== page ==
Chopping block: List of possible city budget cuts released
LONDON, ONT. -- City hall has released a list of service cuts and reductions which could shave the tax increase in the upcoming four-year budget.
In a new report, the city treasurer lists nine possible service cuts and spending reductions that could, in total, shave 0.2 per cent off the average annual tax increase in the 2020-23 municipal budget.
“0.2 per cent doesn't get us very far when the all-in (average annual tax increase) number is 4.5 per cent, but certainly it helps and moves us in the right direction,” says Josh Morgan, city hall’s budget chair.
Based on draft budget documents released Wednesday, Londoners should expect property taxes to rise, on average, between 3.2 per cent and 4.5 per cent each of the next four years.
The proposed cuts would reduce the top end figure to 4.3 per cent.
The list of potential budget cuts includes:
- Eliminating Christmas tree curbside collection (- $120,000)
- Eliminate planned security improvements at Downtown Library (- $107,000)
- Reducing Museum London spending on exhibitions (- $236,000)
- Reduction to neighbourhood road construction (- $3.2 million)
Other measures to ease budget pressures include:
- Increasing fees for high rise garbage/recycling collection (+ $900,000)
- Shifting conservation authority costs to sewer/wastewater bills ($11.5 million)
- Several other boards and commissions
The above list responds to a Nov. 6 resolution by council directing city staff and external boards and commissions to develop business cases for possible budget reductions.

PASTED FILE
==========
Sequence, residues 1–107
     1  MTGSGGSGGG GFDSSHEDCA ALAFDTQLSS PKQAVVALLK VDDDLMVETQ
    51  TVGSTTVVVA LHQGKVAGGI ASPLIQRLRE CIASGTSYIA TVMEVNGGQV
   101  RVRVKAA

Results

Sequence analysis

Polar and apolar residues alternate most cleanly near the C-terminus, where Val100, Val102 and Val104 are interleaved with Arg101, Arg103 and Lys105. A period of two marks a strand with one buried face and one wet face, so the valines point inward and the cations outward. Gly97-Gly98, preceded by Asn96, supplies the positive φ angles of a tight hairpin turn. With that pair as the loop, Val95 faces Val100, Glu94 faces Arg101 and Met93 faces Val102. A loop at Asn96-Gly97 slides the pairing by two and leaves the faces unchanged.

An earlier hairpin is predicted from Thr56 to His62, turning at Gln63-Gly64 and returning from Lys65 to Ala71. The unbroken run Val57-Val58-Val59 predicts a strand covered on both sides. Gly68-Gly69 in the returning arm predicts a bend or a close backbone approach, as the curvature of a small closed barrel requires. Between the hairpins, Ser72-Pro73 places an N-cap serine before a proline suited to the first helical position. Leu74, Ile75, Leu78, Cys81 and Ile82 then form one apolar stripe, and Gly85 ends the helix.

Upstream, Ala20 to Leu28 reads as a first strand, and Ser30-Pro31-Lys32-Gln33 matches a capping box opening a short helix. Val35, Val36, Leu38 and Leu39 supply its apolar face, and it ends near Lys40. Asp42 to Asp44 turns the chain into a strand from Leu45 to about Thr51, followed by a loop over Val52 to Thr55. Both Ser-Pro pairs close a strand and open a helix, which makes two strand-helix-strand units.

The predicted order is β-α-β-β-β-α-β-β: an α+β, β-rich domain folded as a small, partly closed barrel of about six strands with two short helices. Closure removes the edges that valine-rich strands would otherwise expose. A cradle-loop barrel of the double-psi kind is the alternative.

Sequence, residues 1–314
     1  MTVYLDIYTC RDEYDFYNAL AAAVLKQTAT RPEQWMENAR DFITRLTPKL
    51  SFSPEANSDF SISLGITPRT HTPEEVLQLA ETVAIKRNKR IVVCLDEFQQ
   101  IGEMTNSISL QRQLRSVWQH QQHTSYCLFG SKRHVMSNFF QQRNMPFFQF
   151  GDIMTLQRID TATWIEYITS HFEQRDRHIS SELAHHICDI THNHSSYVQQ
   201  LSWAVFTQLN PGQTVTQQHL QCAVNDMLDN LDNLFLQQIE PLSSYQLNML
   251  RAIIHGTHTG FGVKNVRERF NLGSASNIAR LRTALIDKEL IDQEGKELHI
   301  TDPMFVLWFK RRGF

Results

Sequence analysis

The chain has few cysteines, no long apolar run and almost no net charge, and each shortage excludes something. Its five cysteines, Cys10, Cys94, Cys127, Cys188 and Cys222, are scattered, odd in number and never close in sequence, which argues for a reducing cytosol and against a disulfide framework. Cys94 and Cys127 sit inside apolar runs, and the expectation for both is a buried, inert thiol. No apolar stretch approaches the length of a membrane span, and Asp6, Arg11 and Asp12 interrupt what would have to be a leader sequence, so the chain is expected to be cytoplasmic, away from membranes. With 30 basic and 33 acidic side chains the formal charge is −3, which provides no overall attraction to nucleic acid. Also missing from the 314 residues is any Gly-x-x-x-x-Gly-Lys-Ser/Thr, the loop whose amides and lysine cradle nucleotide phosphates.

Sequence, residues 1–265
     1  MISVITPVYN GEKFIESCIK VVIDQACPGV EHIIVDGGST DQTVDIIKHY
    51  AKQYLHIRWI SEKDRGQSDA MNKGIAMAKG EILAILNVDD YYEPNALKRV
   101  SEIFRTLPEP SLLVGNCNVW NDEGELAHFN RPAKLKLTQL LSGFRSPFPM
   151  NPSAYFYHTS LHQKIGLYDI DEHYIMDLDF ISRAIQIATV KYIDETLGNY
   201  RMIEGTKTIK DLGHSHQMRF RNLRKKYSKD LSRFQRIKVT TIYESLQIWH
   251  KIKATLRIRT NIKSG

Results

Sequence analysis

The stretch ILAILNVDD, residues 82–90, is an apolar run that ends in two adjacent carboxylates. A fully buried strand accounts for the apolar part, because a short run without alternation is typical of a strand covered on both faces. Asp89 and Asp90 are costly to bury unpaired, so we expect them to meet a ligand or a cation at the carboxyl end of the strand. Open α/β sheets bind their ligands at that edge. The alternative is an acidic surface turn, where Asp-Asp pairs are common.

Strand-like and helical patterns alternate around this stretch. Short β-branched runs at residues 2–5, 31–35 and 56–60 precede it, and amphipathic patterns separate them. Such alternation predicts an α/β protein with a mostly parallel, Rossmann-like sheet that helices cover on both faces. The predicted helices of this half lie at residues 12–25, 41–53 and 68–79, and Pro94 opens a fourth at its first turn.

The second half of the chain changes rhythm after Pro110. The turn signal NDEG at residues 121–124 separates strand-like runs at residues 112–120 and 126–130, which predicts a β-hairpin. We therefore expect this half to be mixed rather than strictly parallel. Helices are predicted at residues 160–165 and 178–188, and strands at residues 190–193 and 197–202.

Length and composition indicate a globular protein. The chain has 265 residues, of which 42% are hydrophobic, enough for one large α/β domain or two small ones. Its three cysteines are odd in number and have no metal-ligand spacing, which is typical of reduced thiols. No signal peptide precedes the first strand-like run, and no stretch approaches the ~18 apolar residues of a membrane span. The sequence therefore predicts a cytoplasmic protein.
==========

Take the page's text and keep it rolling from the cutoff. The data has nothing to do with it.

The London Police Services Board, London Transit Commission, and London Middlesex Community Housing did not offer any additional savings.
Each year of the budget, an average home assessed at $241,000 could pay:
- No additional Business Cases 3.2 % = +$94/year
- + Staff recommended Business cases 3.8% = +$113/year
- + All Business Cases 4.5% = +$135/year
Londoners are being strongly encouraged to provide input on the 34 budget business cases that propose service cuts and new spending.
Mayor Ed Holder says council needs Londoners to communicate their budget priorities.
“These are not trite or simple issues to deal with, these are important issues and we are asking Londoners to help us make those decisions.”
An online Business Case Survey will be posted on GetInvolved.London.ca
Budget Open House Sessions will be held on Jan. 11, 13, 15, and 16. Details are posted on the City of London website.
Formal public participation meetings will be held on Jan. 23 and Feb. 13 at city hall.
Budget deliberations begin Jan. 30 inside council chambers.